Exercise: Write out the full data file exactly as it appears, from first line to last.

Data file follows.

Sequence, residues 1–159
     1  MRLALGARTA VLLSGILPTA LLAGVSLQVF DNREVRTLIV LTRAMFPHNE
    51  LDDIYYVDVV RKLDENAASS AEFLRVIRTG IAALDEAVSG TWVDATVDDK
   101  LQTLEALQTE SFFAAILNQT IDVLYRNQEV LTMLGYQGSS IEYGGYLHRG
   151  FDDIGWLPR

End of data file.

Sequence, residues 1–159
     1  MRLALGARTA VLLSGILPTA LLAGVSLQVF DNREVRTLIV LTRAMFPHNE
    51  LDDIYYVDVV RKLDENAASS AEFLRVIRTG IAALDEAVSG TWVDATVDDK
   101  LQTLEALQTE SFFAAILNQT IDVLYRNQEV LTMLGYQGSS IEYGGYLHRG
   151  FDDIGWLPR